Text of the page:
|COOKIES: By using this website you agree that we can place Google Analytics Cookies on your device for performance monitoring.|
Disciplined Approximate Computing: From Language to Hardware, and Beyond
If you have a question about this talk, please contact Microsoft Research Cambridge Talks Admins.
This event may be recorded and made available internally or externally via http://research.microsoft.com. Microsoft will own the copyright of any recordings made. If you do not wish to have your image/voice recorded please consider this before attending
Energy is increasingly a first-order concern in computer systems. Exploiting energy-accuracy trade-offs is an attractive choice in applications that can tolerate inaccuracies. A key challenge, though, is how to isolate parts of the program that must be precise from those that can be approximated so that a program functions correctly even as quality of service degrades. Addressing that challenge leads to opportunities for approximate computing across the entire system stack.
In this talk I will describe our effort on co-designing language, hardware and system support to take advantage of approximate computing across the system stack in a safe and efficient way. We use type qualifiers to declare data that may be subject to approximate computation. Using these types, the system automatically maps approximate variables to potentially imprecise and unreliable but much more efficient storage and data operations, as well as more energy-efficient algorithms provided by the programmer. In addition, the system can statically guarantee isolation of the precise program component from the approximate component. This allows a programmer to control explicitly how information flows from approximate data to precise data. Importantly, employing static analysis eliminates the need for dynamic checks, further improving energy savings. I will describe a micro-architecture that offers explicit approximate storage and computation and a proposal on using neural networks as approximate accelerators for general programs. I will conclude with an overview of our current/future research directions, including language extensions for quality-of-result specification, programming tools, approximate persistent storage and approximate wireless communication.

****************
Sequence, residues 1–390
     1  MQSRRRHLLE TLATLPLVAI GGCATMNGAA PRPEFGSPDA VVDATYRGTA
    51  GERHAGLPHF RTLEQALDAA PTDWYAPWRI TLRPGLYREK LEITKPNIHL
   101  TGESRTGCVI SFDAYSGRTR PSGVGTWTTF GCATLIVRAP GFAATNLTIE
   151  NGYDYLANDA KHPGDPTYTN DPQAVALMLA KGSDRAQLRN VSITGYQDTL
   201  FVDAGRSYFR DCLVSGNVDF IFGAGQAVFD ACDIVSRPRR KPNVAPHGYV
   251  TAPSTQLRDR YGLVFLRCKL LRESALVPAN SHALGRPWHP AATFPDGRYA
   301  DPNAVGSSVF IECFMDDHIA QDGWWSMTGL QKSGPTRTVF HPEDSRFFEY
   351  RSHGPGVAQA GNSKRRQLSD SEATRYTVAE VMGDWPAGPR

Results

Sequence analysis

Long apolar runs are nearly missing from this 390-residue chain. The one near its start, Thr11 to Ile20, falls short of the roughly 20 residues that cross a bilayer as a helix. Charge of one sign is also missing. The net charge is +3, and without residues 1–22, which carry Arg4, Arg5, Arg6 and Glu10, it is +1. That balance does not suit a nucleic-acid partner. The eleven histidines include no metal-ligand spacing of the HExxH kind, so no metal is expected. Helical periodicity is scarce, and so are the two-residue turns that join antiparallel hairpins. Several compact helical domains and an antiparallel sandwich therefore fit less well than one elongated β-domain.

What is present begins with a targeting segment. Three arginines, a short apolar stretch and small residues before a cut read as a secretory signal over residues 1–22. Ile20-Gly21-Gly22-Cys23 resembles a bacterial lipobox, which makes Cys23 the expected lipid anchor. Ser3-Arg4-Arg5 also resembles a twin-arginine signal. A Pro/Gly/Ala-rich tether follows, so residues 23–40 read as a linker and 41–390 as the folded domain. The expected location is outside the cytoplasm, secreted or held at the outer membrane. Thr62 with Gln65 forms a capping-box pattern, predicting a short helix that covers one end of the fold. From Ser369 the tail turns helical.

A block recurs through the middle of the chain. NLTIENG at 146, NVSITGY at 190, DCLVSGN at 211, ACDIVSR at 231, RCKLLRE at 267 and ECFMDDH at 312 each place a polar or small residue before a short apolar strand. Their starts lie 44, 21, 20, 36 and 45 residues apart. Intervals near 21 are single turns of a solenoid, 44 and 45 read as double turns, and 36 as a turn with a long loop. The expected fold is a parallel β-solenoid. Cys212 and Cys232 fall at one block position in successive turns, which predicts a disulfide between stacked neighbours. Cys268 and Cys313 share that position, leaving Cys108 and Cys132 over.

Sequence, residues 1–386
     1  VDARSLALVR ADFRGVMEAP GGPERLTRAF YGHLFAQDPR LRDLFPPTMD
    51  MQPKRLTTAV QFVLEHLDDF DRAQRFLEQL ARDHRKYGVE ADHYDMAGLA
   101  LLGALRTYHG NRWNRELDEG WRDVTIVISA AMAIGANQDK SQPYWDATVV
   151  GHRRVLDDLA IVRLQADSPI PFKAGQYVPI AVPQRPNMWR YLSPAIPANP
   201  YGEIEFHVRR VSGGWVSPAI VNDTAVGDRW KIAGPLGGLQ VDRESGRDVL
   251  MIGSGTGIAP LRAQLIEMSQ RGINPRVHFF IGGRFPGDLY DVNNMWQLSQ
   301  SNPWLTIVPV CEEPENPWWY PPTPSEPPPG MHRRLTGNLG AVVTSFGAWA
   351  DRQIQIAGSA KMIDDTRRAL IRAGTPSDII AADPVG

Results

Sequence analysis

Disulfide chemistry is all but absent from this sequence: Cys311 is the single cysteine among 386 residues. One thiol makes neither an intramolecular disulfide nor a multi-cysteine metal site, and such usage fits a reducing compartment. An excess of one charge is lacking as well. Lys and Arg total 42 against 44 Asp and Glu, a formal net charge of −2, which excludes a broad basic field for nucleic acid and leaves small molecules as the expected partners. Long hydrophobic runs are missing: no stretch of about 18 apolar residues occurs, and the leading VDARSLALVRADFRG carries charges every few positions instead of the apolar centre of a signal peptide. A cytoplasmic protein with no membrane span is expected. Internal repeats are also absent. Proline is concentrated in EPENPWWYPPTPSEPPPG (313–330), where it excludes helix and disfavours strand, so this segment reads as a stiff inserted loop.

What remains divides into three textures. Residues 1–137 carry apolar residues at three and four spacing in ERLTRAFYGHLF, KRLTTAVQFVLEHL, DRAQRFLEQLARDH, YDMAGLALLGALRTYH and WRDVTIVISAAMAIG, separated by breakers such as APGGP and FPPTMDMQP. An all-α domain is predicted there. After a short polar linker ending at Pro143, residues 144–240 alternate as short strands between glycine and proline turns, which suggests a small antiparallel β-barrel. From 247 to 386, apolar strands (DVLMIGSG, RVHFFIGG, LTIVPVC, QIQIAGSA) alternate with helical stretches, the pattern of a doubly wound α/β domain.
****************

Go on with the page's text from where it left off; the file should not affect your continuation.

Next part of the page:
This talk is part of the Microsoft Research Cambridge, public talks series.
This talk is included in these lists:
Note that ex-directory lists are not shown.
Other listsUniversity of Cambridge Kendo Society Joint EBI/ Cambridge University Research Symposium Events Concerning Medieval Philosophy
Other talksTBC Report on a pre-workshop on analysing a murder case LaTeX for report-writing LOCATION INTELLIGENCE AND SYSTEMS Production Processes Group Seminar - "Investigating current problems in InkJet." A Sri Lankan evening in conjunction with the University Language Centre